If your WorldServer uses an SQL database, you should consider using SQL server management studio when writing the queries. You can create and test your queries there before copying them to iReport, and browse through the database to get familiar with how the data is structured.

One thing to remember is that active and completed projects are in two separate locations. Just like in WorldServer you have a view for Active projects and another for Completed and Cancelled Projects, under Assignements, the database has the latter in dbo.archive Tables, and the former in dbo.active Views. Performance is much better when querying active projects, and the way the data is structured can also differ in the two locations.

You must have a very clear understanding of the following 3 WorldServer concepts.

  1. Project Group: all files, all languages, 1 file submission
  2. Project: all files, 1 language, 1 file submission
  3. Task: 1 file, 1 language

Their ID numbers are essential within queries because they link information associated with each of them. For example the language name is Project data, but the current owner is Task information. The 2 will need to be joined in order to create a report on current Task owners which lists the languages.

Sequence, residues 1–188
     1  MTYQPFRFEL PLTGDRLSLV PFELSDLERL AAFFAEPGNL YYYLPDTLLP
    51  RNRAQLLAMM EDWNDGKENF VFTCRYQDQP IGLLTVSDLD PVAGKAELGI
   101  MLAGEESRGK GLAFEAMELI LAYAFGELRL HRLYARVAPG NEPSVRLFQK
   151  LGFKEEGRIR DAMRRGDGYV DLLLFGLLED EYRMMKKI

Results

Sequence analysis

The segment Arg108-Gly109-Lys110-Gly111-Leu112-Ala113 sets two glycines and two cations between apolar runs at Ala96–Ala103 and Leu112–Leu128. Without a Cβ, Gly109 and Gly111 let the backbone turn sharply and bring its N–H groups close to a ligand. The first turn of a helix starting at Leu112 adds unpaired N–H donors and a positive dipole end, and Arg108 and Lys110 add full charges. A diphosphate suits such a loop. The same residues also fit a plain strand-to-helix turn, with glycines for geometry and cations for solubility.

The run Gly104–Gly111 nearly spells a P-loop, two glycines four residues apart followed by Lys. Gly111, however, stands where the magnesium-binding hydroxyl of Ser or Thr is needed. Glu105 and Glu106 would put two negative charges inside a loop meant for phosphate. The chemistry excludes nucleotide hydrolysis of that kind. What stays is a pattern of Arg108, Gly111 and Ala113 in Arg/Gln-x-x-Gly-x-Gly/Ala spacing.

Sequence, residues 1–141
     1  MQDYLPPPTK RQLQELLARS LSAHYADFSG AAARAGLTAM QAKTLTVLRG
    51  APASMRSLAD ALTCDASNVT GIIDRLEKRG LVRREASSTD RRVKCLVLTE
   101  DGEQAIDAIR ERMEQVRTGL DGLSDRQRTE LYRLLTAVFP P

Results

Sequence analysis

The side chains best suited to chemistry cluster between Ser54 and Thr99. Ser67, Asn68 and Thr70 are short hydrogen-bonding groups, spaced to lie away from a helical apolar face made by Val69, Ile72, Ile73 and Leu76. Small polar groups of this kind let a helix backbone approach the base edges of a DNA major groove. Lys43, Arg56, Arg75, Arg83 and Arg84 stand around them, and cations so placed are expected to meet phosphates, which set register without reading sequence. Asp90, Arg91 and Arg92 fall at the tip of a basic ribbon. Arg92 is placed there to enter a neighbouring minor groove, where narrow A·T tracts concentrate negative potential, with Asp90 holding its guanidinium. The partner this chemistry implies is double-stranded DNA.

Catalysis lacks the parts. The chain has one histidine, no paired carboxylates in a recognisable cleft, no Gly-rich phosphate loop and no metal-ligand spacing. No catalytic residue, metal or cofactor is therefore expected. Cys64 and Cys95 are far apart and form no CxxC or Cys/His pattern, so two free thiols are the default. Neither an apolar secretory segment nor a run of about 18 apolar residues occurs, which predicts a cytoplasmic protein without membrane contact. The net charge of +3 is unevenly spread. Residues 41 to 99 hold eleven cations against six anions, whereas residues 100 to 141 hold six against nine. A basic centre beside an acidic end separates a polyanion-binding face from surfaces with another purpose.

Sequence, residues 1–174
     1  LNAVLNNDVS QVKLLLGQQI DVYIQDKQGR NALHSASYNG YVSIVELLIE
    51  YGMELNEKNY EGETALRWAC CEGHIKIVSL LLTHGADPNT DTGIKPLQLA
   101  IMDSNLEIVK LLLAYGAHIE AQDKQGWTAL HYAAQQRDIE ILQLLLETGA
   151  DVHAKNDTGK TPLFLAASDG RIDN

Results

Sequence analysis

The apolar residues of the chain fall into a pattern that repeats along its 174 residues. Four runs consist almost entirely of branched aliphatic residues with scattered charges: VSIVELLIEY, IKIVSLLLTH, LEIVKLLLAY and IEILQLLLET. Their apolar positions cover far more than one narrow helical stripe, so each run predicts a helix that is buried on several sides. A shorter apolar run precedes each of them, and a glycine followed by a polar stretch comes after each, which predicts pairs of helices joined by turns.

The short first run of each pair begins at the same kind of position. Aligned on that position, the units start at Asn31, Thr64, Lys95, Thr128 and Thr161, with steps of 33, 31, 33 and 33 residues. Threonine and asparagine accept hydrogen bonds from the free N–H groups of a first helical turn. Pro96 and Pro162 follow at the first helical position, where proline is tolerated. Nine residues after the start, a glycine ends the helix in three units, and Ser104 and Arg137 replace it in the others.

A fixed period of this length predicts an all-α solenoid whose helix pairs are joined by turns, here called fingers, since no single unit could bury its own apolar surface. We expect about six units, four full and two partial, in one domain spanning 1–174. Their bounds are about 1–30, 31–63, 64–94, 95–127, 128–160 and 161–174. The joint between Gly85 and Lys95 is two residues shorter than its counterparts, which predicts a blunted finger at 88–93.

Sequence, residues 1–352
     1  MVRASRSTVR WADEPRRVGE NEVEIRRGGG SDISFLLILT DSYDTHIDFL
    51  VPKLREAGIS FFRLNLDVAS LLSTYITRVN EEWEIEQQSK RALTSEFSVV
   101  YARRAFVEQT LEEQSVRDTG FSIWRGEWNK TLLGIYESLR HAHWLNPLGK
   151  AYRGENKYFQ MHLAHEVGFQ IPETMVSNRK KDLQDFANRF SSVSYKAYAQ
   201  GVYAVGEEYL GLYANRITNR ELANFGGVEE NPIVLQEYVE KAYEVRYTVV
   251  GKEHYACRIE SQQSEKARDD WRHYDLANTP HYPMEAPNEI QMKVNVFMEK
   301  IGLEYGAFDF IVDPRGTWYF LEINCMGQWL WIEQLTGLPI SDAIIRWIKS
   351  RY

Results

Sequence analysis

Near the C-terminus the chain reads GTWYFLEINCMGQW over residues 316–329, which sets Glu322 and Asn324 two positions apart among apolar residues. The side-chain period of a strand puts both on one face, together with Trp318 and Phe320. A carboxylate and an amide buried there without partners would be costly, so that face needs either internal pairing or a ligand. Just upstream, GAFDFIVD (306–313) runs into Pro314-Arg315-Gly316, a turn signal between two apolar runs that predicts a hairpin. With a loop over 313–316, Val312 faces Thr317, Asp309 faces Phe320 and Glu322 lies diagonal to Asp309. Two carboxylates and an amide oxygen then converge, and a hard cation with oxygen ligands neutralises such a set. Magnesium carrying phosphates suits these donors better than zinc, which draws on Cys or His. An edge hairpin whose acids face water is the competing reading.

Lastly, any search parameter is better created directly in iReport once the query is finalised. Just replace them with an arbitrary value for testing purposes while working in the server management studio.

Learning resources

There are plenty of tutorials available for beginners and less-experienced database users, and a lot of them are free. I found SQL course.com very clear and concise. The interactive SQL interpreter is great for practicing and experimenting safely. W3Schools is another very good resource.